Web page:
Cindy Anthony Could Not Have Searched for Chloroform, Prosecution Says
When she took the stand last week, Cindy Anthony shocked the courtroom by taking responsibility for several incriminating searches on the family computer.
On Friday, the prosecution called John Camperlengo, chief compliance officer for Gentiva Health, the company where Cindy Anthony worked in March 2008. He testified that Cindy was making entries at her office computer at the same time she claimed she had search for chlorophyll, which led her to various sites about chloroform, as well as searches for "chest injuries."
Camperlengo testified that, because Gentiva complies with HIPAA laws, they monitor all logins and logouts on the business computers.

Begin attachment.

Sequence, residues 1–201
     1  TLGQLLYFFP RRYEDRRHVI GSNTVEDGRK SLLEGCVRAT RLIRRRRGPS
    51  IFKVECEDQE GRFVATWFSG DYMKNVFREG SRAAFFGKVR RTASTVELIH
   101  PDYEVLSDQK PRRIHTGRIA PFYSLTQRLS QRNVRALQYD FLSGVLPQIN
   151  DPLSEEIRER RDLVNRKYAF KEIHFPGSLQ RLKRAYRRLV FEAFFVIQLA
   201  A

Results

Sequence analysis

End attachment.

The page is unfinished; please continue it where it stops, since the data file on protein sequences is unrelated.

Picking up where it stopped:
"Was Mrs. Anthony logged in and working on those dates?" asked prosecutor Linda Drane Burdick.
"Yes," Camperlengo said.
At the testimony, Cindy Anthony vigorously shook her head and sighed.
Then Cindy Anthony's supervisor took the stand. Debbie Polisano testified that the record-keeping rules at Gentiva were strict. Presented with company time cards, Polisano testified that Cindy Anthony was at work when the searches were conducted.
"It would have been illegal to say she was working when she was not," Polisano testified.
Prosecutors allege that Casey Anthony used chloroform to kill her daughter, 2-year-old Caylee, and that these searches – done three months before the toddler's death – show that the crime was premeditated.
Casey Anthony, who could face the death penalty in the murder trial, had no reaction to the testimony on Friday.